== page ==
Dietrich von Hildebrand deeply regretted the Church's failure to witness in a clear and forceful way: "Just fourteen days after Hitler's seizure of power, the German bishops had lifted the excommunication that previously had been attached to membership in teh National Socialist Party, including both the SA and the SS." Hildebrand saw the demoralizing implications of the concordat for the faithful: "It must have given Catholics throughout Germany the impression that the Vatican was withdrawing its rejection of National Socialism and of racism -- as if it were possible to be a Catholic and a Nazi at the same time."
Although Hildebrand was friends with Eugenio Pacelli (who became Pius XII) and never criticized him in his memoirs, he looked back upon the period with dismay: "I saw with horror that path some leading Catholics were taking, and I saw how terribly the soon-to-be concluded Concordat wit Hitler was bout to affect the spirit of Catholics, how their inner resistance would be paralyzed by it."
Reno turns from the Church's concordat with Hitler to its more recent seeming accommodations of the sexual revolution. While noting the significant differences, he also notes significant parallels. "The HHS contraception mandate requires church-related institutions to collaborate with the dominant, contraceptive culture of our time, and to do so in a public way. This is why the mandate has been a bone in the throat of Catholic institutions in a way that widespread use of contraceptives among Catholics hasn't." He continues:
As Hildebrand recalls with anguish, although the concordat with Hitler's Germany did not mean the Vatican was endorsing the Nazi regime, it undermined resistance.Reno goes on to identify factors that work the other way, including the Bible's opposition to values of the contemporary sexual revolution, and the Church's own institutional ballast. Yet the question he raises undeniably highlights one of the fundamental challenges facing the Church today: to accommodate or to resist, to be of the prevailing sexual culture, or to be against it.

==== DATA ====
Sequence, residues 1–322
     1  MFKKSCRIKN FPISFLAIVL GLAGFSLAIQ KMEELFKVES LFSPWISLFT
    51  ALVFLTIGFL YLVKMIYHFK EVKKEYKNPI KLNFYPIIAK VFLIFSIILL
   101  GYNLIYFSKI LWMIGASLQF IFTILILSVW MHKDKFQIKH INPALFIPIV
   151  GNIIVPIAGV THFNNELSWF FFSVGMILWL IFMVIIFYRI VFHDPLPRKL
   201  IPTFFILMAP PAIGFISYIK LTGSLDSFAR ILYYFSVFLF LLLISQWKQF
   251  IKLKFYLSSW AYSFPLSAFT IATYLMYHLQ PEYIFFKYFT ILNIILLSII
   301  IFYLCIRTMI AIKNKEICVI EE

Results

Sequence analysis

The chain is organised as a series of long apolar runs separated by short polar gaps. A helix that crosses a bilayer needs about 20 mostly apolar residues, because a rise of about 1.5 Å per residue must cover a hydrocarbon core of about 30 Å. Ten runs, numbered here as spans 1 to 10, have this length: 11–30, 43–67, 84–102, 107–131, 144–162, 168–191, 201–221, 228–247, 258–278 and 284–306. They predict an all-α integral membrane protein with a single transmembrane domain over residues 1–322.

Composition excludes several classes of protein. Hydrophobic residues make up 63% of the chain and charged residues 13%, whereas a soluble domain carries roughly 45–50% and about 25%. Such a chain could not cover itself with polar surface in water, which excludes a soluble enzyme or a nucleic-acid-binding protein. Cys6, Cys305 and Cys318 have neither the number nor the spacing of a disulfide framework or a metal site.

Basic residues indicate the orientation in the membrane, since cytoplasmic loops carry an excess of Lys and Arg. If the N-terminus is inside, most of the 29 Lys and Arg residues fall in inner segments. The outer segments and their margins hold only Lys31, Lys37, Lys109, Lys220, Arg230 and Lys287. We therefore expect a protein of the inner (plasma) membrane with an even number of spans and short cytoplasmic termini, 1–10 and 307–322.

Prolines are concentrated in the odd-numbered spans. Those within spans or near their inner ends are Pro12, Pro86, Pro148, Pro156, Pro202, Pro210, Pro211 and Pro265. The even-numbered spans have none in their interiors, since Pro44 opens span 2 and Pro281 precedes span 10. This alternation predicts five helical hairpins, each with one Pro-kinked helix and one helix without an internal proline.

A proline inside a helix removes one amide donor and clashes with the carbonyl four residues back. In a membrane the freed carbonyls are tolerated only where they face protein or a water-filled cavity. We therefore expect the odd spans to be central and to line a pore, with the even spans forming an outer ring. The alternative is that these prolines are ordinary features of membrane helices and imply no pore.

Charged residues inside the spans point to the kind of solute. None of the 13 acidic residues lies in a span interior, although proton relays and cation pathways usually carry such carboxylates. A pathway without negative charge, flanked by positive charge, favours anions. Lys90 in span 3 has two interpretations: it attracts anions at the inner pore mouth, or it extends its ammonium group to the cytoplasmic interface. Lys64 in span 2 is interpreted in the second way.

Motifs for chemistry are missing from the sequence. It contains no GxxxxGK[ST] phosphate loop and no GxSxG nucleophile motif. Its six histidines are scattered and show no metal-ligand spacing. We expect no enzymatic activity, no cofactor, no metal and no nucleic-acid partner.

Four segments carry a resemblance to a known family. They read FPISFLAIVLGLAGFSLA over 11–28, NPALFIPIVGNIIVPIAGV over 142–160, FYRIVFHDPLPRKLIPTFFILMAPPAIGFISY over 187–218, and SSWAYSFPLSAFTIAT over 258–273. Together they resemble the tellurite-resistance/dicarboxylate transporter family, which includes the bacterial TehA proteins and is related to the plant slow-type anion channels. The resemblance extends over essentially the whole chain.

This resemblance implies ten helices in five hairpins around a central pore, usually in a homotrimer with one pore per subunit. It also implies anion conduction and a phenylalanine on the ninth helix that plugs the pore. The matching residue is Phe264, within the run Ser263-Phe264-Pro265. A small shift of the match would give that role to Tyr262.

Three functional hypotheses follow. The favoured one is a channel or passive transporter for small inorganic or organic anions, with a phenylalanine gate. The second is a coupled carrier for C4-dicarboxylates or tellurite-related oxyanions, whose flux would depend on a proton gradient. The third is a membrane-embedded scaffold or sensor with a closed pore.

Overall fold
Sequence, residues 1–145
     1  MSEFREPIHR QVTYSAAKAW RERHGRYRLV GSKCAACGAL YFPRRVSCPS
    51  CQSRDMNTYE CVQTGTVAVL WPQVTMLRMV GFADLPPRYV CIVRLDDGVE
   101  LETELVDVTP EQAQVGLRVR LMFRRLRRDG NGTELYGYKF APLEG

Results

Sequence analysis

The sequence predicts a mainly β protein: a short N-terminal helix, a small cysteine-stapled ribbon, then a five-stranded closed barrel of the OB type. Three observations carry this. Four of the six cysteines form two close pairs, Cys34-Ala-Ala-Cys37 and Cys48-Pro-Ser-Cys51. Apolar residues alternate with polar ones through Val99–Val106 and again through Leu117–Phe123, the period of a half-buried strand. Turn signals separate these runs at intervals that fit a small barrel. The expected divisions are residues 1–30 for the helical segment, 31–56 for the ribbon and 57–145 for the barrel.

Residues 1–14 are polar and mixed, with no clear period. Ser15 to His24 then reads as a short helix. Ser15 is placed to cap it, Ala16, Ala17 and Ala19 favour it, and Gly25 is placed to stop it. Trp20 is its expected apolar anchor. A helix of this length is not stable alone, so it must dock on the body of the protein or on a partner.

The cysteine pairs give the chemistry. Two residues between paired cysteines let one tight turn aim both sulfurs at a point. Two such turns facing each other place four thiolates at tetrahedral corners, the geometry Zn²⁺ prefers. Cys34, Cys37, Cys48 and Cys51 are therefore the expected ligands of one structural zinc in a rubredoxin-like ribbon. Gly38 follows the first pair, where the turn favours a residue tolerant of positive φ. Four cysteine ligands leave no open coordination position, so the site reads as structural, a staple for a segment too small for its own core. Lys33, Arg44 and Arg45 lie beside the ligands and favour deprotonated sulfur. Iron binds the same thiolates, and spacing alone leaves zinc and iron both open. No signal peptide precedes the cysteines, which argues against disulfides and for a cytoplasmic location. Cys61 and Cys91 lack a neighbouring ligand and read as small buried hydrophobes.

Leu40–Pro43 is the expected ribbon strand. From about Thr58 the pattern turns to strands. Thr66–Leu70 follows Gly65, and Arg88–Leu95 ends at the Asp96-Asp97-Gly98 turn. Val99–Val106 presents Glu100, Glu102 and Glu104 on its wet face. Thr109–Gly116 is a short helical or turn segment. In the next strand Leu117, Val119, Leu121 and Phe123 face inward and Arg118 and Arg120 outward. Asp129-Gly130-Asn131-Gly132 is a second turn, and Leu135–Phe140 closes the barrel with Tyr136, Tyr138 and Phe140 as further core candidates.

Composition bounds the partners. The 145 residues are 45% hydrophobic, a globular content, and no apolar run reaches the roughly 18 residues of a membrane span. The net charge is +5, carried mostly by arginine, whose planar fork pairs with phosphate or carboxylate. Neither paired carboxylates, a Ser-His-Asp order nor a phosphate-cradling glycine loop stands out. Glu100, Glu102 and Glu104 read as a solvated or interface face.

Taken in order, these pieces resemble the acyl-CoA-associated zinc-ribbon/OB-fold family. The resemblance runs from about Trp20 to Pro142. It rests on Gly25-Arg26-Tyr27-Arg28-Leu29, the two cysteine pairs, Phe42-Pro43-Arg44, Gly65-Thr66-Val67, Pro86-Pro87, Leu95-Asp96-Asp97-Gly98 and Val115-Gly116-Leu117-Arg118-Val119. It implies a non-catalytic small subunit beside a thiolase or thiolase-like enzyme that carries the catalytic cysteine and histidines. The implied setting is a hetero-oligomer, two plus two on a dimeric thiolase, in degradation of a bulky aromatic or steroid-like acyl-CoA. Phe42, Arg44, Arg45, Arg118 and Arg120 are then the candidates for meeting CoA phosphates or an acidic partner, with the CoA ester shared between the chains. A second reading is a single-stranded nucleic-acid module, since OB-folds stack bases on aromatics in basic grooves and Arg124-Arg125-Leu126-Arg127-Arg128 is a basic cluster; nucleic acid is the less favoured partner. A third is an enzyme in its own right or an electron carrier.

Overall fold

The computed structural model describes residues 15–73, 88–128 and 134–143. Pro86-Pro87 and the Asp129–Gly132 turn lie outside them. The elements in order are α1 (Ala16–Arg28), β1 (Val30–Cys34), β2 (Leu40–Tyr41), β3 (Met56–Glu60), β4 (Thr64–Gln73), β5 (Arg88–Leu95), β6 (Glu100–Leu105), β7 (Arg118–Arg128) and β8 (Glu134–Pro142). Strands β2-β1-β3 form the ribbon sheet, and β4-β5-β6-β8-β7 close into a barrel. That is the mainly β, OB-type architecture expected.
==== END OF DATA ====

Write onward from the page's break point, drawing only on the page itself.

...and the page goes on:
The same goes for recognizing gay marriages. As Archbishop Chaput observes in his Erasmus Lecture ["Strangers in a Strange Land"], the public reality of marriage gives its redefinition powerful "sign value." If we negotiate unofficial concordats with same-sex marriage of the sort Creighton [University] has -- not "approving," mind you -- then it's hard to maintain the Church's public identity as a teacher of truths about sex, marriage, and the family that are at odds with the sexual revolution.
Will Catholicism, then, forge a concordat with the sexual revolution? The decision made by Creighton University doesn't tell us very much. Nor does a similar decision made by Notre Dame under somewhat different circumstances. The church is a very large, international, and diverse institution. But we can identify pressures and counterpressures likely to shape Catholicism's response to the new challenges posed by the sexual revolution, at least in the West.
First, then, the pressures to find a modus vivendi. Today, American Catholic institutions like Creighton and Notre Dame are run by upper-middle-class Americans more loyal to their class and its values than to the Catholic Church's historic teachings, which have in any event not been passed down over the past fifty years.
This bourgeois loyalty does not mean Catholic leaders lack faith. But it's existentially painful for them to be out of sync wit dominant opinion. Being pro-gay rights is today's badge of honor. I don't think many Catholics who want to move among the Great and the Good will refuse that badge. The same goes for one of today's god terms: inclusive. It functions like a secret handshake that signals membership in the elite. That will be hard to resist. Moreover, open dissent now brings personal risks. Anyone deemed insufficiently "gay-friendly" faces career obstacles.
The pope himself offers little in the way of encouragement to resist a convenient fusion of Catholic and bourgeois life, an ironic but predictable outcome given the tenor of his papacy so far. He routinely denounces Catholic conservatives as small-minded and warns us not to "obsess" over the issues central to the sexual revolution: abortion, contraception, homosexuality. However one reads his intent in these and other statements, there can be no doubt they provide handy talking points for those who want to capitulate on gay marriage or other aspects of the sexual revolution.
Related: Dietrich von Hildebrand, My Battle Against Hitler: Faith, Truth, and Defiance in the Shadow of the Third Reich(Image, 2014).